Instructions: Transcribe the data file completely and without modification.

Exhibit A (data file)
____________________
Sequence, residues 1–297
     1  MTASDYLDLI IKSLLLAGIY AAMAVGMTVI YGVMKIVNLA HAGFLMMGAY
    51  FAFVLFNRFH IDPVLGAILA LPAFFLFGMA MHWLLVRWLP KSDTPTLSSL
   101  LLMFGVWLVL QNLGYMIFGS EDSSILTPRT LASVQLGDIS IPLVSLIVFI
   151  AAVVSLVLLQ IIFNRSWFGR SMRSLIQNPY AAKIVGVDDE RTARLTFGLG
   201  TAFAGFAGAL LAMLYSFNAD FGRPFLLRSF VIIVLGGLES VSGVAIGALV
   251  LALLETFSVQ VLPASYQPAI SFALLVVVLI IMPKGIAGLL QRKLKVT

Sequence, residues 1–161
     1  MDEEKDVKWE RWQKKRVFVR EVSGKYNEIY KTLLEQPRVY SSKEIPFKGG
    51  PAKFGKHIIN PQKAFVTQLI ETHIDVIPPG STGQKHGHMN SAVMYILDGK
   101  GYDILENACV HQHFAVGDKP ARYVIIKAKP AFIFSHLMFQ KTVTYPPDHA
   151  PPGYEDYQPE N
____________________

Sequence, residues 1–297
     1  MTASDYLDLI IKSLLLAGIY AAMAVGMTVI YGVMKIVNLA HAGFLMMGAY
    51  FAFVLFNRFH IDPVLGAILA LPAFFLFGMA MHWLLVRWLP KSDTPTLSSL
   101  LLMFGVWLVL QNLGYMIFGS EDSSILTPRT LASVQLGDIS IPLVSLIVFI
   151  AAVVSLVLLQ IIFNRSWFGR SMRSLIQNPY AAKIVGVDDE RTARLTFGLG
   201  TAFAGFAGAL LAMLYSFNAD FGRPFLLRSF VIIVLGGLES VSGVAIGALV
   251  LALLETFSVQ VLPASYQPAI SFALLVVVLI IMPKGIAGLL QRKLKVT

Sequence, residues 1–161
     1  MDEEKDVKWE RWQKKRVFVR EVSGKYNEIY KTLLEQPRVY SSKEIPFKGG
    51  PAKFGKHIIN PQKAFVTQLI ETHIDVIPPG STGQKHGHMN SAVMYILDGK
   101  GYDILENACV HQHFAVGDKP ARYVIIKAKP AFIFSHLMFQ KTVTYPPDHA
   151  PPGYEDYQPE N